|Security Council Open Debate|
|Monday, 14 February 2011 11:16|
Statement by H.E. Dr. Palitha Kohona
Interdependence Between Security & Development
11th February, 2011 New York
Sri Lanka’s Government recognized very early that security and development went together and was key to countering the security threat posed by the terrorist group, the LTTE. As the UN Secretary-General has said, without development, security would soon become untenable and security was an essential element of development. Recognizing the importance of education in this approach, successive Governments, while maintaining funding for education elsewhere in the country, never reduced the funding and support provided to schools in areas then dominated by the LTTE, despite the consistent threat of children being recruited as child combatants by the terrorist group.
Let me, at the outset, thank you for organizing this timely debate on security and development. We also endorse the Statement made by Egypt on behalf of the Non-Aligned Movement. These deliberations, will no doubt, further inform our thinking on this crucial area, and, in our view, is key to addressing security issues. Today’s discussions will help us to expand our focus beyond the Security Council’s primary responsibility of maintaining international peace and security.
Once the conflict ended, the Government became even more conscious of the need to expedite development, and paid special attention to rehabilitation and reconstruction. Hundreds of miles of paved roads linking villages to towns were constructed, the national electricity grid was extended to many remote areas of the country, bridges were built and foreign direct investors were encouraged to locate their businesses away from the capital. Special attention is being paid to revive the agriculture, fisheries and tourism of the former conflict affected areas. These efforts are bearing significant results.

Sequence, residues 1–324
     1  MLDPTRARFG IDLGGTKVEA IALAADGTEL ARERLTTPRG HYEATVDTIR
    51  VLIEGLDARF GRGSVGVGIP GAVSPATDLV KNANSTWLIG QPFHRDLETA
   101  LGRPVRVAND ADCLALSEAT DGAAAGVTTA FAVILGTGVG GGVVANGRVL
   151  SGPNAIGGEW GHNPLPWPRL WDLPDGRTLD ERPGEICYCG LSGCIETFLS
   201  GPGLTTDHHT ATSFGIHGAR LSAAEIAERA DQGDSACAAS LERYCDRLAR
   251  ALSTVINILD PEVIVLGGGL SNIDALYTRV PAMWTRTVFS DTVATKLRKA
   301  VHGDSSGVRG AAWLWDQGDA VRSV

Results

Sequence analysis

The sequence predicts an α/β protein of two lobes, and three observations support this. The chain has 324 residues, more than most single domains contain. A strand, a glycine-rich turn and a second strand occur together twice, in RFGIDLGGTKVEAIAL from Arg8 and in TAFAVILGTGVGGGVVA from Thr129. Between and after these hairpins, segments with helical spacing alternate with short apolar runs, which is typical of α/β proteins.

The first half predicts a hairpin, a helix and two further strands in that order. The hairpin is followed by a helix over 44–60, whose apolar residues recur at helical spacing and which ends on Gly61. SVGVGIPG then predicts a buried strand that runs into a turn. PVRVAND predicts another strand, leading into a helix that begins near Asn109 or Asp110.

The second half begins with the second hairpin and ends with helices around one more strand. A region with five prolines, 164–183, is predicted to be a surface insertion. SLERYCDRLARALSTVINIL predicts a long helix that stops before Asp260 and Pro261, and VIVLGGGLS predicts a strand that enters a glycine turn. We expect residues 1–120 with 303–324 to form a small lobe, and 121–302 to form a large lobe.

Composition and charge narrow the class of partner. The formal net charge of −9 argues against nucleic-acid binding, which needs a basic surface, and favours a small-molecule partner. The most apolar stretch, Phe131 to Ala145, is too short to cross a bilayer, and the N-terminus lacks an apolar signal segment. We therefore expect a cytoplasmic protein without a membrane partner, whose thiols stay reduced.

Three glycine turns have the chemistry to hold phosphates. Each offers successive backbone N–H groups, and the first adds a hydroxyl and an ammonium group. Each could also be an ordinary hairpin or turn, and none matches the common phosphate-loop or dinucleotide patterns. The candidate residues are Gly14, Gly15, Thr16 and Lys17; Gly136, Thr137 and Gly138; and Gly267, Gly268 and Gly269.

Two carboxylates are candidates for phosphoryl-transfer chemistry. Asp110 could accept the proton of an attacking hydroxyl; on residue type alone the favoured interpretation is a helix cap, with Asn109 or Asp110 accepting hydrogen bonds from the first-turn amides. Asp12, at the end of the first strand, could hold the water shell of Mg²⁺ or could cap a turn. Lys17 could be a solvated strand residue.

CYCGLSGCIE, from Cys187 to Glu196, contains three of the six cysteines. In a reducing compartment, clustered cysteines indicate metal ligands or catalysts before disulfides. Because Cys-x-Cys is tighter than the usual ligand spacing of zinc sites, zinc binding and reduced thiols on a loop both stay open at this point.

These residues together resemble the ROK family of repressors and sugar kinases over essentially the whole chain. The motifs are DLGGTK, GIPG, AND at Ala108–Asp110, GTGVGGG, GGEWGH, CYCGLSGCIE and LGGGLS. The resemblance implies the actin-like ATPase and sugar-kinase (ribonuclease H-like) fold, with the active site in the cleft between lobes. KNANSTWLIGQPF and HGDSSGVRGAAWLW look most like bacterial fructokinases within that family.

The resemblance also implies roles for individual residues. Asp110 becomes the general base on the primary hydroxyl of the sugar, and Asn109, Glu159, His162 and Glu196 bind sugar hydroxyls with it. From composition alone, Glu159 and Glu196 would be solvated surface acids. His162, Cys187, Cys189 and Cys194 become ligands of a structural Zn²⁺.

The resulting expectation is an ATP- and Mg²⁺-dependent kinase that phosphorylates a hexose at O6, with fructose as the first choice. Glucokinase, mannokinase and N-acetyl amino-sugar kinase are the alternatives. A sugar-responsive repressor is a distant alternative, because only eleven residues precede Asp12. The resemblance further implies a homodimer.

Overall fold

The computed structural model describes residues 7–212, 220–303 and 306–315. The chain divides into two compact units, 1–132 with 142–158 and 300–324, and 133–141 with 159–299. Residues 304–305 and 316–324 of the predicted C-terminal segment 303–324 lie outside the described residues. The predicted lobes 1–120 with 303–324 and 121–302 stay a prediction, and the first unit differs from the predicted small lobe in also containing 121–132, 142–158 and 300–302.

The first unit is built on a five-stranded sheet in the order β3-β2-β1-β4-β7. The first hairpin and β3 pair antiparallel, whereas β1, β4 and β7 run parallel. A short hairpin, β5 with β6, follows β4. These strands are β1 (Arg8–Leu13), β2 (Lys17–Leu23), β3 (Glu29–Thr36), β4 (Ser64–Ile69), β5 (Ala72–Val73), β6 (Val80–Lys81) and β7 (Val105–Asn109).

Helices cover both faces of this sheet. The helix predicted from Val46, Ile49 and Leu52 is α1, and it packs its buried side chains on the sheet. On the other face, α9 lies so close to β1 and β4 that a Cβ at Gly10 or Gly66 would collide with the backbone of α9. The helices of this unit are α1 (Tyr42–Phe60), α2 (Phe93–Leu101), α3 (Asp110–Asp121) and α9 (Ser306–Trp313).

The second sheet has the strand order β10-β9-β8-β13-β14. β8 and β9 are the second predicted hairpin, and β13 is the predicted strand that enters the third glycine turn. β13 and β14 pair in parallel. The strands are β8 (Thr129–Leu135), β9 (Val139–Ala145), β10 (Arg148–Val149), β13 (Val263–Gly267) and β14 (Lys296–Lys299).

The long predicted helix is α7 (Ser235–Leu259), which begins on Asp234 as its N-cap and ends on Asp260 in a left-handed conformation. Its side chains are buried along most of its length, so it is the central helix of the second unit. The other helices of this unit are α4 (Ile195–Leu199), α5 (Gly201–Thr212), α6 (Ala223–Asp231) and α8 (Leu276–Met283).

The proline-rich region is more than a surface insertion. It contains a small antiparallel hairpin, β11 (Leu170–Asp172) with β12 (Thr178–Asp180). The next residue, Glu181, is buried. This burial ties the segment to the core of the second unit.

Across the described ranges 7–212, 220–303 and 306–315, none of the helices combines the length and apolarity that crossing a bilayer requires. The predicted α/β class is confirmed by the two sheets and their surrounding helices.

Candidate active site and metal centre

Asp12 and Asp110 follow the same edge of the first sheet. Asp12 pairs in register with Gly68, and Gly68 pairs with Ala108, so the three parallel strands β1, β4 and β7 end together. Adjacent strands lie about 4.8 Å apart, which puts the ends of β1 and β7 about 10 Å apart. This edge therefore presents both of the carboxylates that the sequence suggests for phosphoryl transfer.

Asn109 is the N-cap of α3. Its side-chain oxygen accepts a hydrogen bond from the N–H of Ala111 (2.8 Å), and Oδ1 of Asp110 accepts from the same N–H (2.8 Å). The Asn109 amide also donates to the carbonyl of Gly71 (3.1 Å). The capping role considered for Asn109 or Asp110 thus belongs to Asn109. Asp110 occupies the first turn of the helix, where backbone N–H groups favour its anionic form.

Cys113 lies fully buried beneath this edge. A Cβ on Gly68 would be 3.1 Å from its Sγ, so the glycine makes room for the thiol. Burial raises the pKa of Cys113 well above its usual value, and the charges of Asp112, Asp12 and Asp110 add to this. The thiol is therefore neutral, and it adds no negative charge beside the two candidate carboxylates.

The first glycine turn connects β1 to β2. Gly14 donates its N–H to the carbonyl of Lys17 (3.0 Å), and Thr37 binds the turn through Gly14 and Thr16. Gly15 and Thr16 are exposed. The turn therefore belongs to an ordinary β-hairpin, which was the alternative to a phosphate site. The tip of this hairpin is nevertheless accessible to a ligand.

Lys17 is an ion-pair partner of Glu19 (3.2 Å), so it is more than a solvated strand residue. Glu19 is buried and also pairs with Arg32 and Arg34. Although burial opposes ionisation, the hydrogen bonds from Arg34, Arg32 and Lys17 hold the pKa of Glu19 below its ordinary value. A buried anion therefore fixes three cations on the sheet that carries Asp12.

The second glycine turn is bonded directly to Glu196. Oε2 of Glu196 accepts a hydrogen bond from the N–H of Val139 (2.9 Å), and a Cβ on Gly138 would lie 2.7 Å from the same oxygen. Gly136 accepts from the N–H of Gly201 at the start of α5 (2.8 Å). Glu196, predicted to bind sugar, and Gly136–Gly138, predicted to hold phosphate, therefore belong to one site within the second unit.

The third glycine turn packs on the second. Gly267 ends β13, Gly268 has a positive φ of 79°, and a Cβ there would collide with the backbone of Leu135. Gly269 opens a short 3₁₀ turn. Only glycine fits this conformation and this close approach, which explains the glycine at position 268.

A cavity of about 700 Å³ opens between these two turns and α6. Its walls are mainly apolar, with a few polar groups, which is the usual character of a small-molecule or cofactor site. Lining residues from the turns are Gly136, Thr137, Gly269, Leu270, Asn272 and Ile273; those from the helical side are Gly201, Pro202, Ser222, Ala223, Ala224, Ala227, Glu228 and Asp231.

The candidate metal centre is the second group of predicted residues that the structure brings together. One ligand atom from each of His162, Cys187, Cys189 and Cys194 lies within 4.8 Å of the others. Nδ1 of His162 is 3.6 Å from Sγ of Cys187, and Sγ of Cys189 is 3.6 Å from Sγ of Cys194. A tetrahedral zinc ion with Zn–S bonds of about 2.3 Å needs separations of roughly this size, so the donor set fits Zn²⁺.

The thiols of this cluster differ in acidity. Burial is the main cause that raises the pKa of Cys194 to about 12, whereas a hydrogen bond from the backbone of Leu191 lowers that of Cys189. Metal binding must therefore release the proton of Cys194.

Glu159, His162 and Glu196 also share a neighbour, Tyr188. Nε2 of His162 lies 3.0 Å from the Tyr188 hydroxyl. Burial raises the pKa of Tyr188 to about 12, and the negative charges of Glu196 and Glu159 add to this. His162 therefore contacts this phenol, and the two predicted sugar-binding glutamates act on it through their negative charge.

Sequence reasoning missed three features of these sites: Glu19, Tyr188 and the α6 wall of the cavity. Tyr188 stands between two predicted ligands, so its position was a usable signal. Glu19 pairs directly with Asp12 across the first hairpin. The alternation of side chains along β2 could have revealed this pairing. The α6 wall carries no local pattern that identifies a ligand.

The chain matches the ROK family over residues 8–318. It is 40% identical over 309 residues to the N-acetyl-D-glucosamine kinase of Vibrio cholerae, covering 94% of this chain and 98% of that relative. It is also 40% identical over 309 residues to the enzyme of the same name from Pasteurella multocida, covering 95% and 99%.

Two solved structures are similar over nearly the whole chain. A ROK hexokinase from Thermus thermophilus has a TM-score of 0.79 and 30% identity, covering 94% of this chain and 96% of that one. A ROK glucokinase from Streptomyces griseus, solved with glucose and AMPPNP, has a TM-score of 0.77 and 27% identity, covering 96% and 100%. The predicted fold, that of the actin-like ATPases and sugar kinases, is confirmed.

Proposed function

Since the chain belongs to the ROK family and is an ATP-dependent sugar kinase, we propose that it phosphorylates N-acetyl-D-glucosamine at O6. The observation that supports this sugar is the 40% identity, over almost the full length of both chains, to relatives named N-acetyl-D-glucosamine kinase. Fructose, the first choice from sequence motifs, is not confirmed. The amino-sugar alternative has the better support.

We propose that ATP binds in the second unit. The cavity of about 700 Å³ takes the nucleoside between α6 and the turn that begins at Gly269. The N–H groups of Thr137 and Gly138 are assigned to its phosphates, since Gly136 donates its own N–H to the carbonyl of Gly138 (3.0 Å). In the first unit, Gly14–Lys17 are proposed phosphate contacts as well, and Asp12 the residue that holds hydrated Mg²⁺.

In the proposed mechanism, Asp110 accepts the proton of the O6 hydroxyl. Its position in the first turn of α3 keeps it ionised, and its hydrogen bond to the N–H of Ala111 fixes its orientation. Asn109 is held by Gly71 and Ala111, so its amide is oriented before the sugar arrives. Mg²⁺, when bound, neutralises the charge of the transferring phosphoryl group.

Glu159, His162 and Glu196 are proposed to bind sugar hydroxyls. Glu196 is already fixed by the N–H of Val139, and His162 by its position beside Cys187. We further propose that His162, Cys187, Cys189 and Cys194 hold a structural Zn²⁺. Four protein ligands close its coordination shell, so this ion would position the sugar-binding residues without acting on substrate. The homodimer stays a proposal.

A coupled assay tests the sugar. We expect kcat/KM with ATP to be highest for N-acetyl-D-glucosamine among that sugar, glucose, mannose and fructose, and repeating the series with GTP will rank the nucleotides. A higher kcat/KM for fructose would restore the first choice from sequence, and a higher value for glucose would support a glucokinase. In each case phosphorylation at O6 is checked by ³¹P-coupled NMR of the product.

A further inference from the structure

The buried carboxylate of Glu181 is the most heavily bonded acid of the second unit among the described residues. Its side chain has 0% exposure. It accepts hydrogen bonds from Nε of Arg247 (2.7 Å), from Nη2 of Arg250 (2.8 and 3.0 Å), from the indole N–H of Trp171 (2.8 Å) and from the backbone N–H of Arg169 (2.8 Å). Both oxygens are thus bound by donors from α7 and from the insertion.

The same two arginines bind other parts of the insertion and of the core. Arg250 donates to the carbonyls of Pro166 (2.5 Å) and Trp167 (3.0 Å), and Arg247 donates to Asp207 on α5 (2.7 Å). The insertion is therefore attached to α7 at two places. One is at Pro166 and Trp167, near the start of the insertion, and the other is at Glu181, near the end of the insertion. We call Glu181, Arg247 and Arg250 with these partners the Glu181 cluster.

The same economic focus has been maintained by the government since the end of the conflict in May 2009. Since the end of the conflict, despite dire predictions of the long term concentration of internally displaced persons in camps, hunger and malnutrition and disease, the government, convinced of the need to restore economic activity in the formally conflict affected areas, has successfully returned 95 percent of the IDPs to their own villages and towns within a very short period. The Government recognized early that keeping the IDPs in camps was a costly proposition, both in dollars and public relations, and that it would be much better to make them economically active in their own villages as early as possible. The Government will continue to provide assistance to these people to resume normal economic activities. There have been no instances of diseases. Malnutrition is no higher among the people who returned to their villages from the IDP camps than in certain other areas of the country and is currently the subject of a broad study. The Government recognizes that problems still remain; while many irrigation canals have been repaired, hundreds of miles of roads have been reconstructed and electricity supplies have been restored or connected, much more needs to be done to restore the lives and livelihoods of the displaced to a reasonable level, including by clearing mines from villages. The unprecedented floods that have inundated the lands of the same unfortunate people have put the clock back on our targets. But Sri Lanka has clearly recognized that economic development is a key to ensuring security, restoring stability and rekindling hope for the future among the conflict affected people.
I thank you, Mr. President.